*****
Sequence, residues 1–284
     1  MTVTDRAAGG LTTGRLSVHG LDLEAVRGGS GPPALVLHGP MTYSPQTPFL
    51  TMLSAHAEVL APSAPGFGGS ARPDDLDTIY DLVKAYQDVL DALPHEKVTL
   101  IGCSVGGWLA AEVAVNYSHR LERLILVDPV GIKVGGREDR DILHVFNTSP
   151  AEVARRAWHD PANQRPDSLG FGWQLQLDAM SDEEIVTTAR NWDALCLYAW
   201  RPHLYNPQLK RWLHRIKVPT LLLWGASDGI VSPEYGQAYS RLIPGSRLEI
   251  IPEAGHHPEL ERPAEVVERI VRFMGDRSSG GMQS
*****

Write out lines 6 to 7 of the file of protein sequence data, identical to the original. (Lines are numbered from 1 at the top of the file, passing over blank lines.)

   201  RPHLYNPQLK RWLHRIKVPT LLLWGASDGI VSPEYGQAYS RLIPGSRLEI
   251  IPEAGHHPEL ERPAEVVERI VRFMGDRSSG GMQS